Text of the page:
Keeping Current @ the Capitol – Week of February 22, 2021

Parental Leave Bill Passes Full House

House Bill 146, sponsored by Representative Houston Gaines (R – Athens), passed the full House last week with a vote of 155-2. This bill would provide three weeks of paid parental leave to state employees for the birth, adoption, or foster placement of a child. The bill will now move to the Senate for consideration and has been assigned to the Insurance & Labor Committee. Learn more here.

To watch the full vote visit here (begins at 1:01:44).

Thank You Attendees!

HMHBGA and March of Dimes would like to thank all of those who attended last Thursday’s legislative event, Advocacy in A Virtual World & Beyond! Attendees were able to hear from both organizations regarding their policy priorities this session and were equipped with tools to uplift advocacy items that are important to them throughout the session. Legislative panelists shared tips on how to engage policy makers in a virtual age, thoughts on the budget, and what they are working on to improve the health of Georgia’s moms and babies. HMHBGA was also happy to introduce our new Executive Director Ky Lindberg. The event closed with acceptance speeches from this year’s Charlotte Wilen Advocates of the Year. 

Charlotte Wilen Advocates of the Year

Legislation to Watch

House Legislation

HB 9 – Telehealth Services in Schools
(Sandra Scott, D – Rex) Would require the Department of Education to develop guidelines for the use of telehealth services in public schools for mental health and behavioral health services. [House Education Committee] No update

HB 11 – Safe Patient Limits Act
(Sandra Scott, D – Rex) Would limit the number of patients that may be assigned to a registered professional nurse in specified situations in hospitals. [House Health & Human Services Committee] No update

HB 38 – Repeal Sterilization Procedures 
(Kim Schofield, D – Atlanta) Would repeal certain provisions related to the performance of reproductive sterilization procedures. No update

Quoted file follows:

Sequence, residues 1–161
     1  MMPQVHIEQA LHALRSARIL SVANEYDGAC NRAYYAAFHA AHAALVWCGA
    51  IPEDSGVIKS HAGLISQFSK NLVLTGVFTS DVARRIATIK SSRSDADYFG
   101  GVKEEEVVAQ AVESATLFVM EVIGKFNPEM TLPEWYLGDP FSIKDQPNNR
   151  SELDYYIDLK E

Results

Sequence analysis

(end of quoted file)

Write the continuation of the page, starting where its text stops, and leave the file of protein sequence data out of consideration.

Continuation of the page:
HB 41 – Health Benefit Plan Network Access and Adequacy Act
(Kim Schofield, D – Atlanta) Would increase consumer access to health care by improving network adequacy and under certain circumstances charge out-of-network services at in-network rates. No update

HB 49 – Mental Health Parity Act 
(Shelly Hutchinson, D – Snellville) Would require mental health substance use services to be treated in line with other health insurance claims. [House Insurance Committee] No update

HB 54 – Menstrual Hygiene Education
(Debra Bazemore, D – South Fulton) Would provide instruction on best practices and risks associated with tampons during sex education and AIDS prevention instruction in core curriculum. [House Education Committee] No update

HB 57 – Breastfeeding in Penal Institutions 
(Sandra Scott, D – Rex) Would provide policies for breast milk storage and the breastfeeding of a newborn, require prenatal and postpartum care, and require the provision of breast pumps in penal institutions. [House Health & Human Services Committee] No update

HB 72 – New Mothers Medicaid Expansion Act
(Carolyn Hugley, D – Columbus) Would extend Pregnancy Medicaid to 12 months after delivery. [House Health & Human Services Committee] No update

HB 96 – Presumption in Child Custody Cases
(Jasmine Clark, D – Lilburn) Would revise presumption in cases in which the custody of any child is at issue. [House Juvenile Justice Committee] No update

HB 146 – Paid Parental Leave for State Employees 
(Houston Gaines, R – Athens) Would provide for three weeks of paid parental leave for eligible state employees and eligible local board of education employees following the birth, adoption or foster placement of a child. [House Health & Human Services Committee] Passed full House (155-2) and assigned to Senate Insurance & Labor Committee

HB 154 – Protection of Children 
(Bert Reeves, R – Marietta) Would strengthen, clarify, and update provisions relating to the protection of children, including foster children and adopted children. [House Juvenile Justice Committee] Passed full House (160-4) by substitute

HB 163 – Medicaid Express Lane Eligibility